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published by the National Energy Education Development Project
Available Languages: English, Spanish
This inquiry-based curriculum unit for Grades 4-5 introduces the interactions that allow solar energy to be converted into electricity, chemical energy, and heat. It is the second of a 2-part set of materials for teaching about energy in elementary grades. Seven investigations take learners beyond a basic understanding of the sun as an energy source to explorations of how light energy is transformed for uses other than warming. Kids will explore how a photovoltaic cell works, measure heat intensity with a radiometer, and build a small "solar house" with a collector and a PV cell. Resource includes lesson plans, warm-up questions, lab procedures, 10-page student background booklet, and classroom presentation materials for teaching an eight-day unit.

The NEED Project is a national initiative to bring innovative curriculum materials in energy education to teachers and learners from the primary grades through college.
Editor's Note: These materials were designated by the publisher for Grades K-4, but the readability score is Grade 4 and many of the concepts require a cognitive level above that of the typical primary learner. The blueprint and materials for building the solar house can be purchased from the publisher for $350 or obtained from science supply houses for ~ $200 for one classroom.
Subjects Levels Resource Types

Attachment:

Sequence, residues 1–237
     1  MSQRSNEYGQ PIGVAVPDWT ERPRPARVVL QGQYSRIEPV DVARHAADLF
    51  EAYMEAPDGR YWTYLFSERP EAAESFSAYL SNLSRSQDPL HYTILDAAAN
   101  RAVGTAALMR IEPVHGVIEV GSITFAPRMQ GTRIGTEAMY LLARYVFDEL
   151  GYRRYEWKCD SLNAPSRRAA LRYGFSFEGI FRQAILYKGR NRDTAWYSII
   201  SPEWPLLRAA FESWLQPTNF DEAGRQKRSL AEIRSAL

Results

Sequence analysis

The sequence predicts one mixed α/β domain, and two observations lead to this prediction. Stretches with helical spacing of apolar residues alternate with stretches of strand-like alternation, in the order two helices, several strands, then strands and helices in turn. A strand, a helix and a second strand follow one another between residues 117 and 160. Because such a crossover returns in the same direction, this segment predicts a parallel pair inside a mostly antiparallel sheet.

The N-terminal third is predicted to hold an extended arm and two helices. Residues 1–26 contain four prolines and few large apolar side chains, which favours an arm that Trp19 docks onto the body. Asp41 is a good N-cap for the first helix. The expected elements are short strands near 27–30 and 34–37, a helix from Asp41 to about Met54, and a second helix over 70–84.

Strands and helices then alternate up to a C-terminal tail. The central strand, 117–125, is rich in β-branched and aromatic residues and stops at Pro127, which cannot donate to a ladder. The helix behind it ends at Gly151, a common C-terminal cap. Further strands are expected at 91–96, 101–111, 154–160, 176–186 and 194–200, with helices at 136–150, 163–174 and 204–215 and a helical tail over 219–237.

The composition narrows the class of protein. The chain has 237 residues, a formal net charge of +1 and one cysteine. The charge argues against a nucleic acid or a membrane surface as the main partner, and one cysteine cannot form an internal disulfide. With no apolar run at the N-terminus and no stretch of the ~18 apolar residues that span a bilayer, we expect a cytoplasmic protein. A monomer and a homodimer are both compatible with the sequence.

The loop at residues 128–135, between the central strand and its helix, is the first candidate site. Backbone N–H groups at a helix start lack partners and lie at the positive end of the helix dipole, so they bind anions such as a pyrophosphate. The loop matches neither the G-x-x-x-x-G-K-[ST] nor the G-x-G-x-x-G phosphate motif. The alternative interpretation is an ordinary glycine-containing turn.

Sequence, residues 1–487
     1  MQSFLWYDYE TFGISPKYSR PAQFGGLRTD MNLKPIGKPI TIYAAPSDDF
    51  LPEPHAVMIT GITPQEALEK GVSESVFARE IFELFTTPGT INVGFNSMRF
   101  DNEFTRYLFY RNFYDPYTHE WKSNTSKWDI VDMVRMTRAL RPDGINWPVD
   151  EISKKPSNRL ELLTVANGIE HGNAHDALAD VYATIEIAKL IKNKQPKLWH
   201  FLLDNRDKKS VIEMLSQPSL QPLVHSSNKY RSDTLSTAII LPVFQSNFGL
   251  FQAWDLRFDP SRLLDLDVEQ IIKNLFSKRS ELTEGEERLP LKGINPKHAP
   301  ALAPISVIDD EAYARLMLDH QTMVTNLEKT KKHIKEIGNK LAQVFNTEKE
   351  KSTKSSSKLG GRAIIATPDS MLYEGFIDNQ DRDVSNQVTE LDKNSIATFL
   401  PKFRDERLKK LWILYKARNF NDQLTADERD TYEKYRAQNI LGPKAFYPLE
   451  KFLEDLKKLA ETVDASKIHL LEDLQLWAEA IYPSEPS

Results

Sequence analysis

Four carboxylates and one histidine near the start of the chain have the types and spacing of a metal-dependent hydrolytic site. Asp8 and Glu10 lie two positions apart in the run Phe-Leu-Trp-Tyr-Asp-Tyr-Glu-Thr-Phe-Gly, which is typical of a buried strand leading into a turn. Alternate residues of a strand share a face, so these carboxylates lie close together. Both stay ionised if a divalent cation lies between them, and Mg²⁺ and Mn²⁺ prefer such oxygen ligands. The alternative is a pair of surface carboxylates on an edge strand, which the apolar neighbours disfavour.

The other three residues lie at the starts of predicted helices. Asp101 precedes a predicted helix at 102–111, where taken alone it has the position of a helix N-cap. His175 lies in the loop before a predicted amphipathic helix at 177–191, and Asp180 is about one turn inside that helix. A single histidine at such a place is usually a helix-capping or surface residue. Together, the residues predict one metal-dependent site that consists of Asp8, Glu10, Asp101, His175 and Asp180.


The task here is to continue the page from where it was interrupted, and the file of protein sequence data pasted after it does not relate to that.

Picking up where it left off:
Classical Mechanics
- Work and Energy
Education Practices
- Active Learning
= Inquiry Learning
- Instructional Material Design
= Project
- Pedagogy
= Multidisciplinary
Electricity & Magnetism
- Electromagnetic Radiation
= Electromagnetic Spectrum
Other Sciences
- Environmental Science
- Elementary School
- Instructional Material
= Curriculum
= Curriculum support
= Instructor Guide/Manual
= Student Guide
= Unit of Instruction
- Assessment Material
= Answer Key
- Audio/Visual
= Illustration
= Image/Image Set
Appropriate Courses Categories Ratings
- Physical Science
- Lesson Plan
- Activity
- Laboratory
- Assessment
- New teachers
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© 2010 National Energy Education Development Project
Keywords:
chemical energy, clean energy, energy forms, energy lessons, energy sources, engineering design, green energy, light energy, photovoltaic cell, renewable energy, solar collector, solar oven, thermal energy
Record Cloner:
Metadata instance created April 18, 2013 by Caroline Hall
Record Updated:
April 18, 2013 by Caroline Hall

AAAS Benchmark Alignments (2008 Version)

1. The Nature of Science

1B. Scientific Inquiry
  • K-2: 1B/P2. Tools such as thermometers, magnifiers, rulers, or balances often give more information about things than can be obtained by just observing things unaided.
  • 3-5: 1B/E2b. One reason for following directions carefully and for keeping records of one's work is to provide information on what might have caused differences in investigations.

3. The Nature of Technology

3A. Technology and Science
  • 3-5: 3A/E3. Measuring instruments can be used to gather accurate information for making scientific comparisons of objects and events and for designing and constructing things that will work properly.
3B. Design and Systems
  • 3-5: 3B/E1. There is no perfect design. Designs that are best in one respect (safety or ease of use, for example) may be inferior in other ways (cost or appearance). Usually some features must be sacrificed to get others.

4. The Physical Setting

4E. Energy Transformations
  • K-2: 4E/P1. The sun warms the land, air, and water.
  • 3-5: 4E/E2b. When warmer things are put with cooler ones, heat is transferred from the warmer ones to the cooler ones.
  • 3-5: 4E/E2c. A warmer object can warm a cooler one by contact or at a distance.
4F. Motion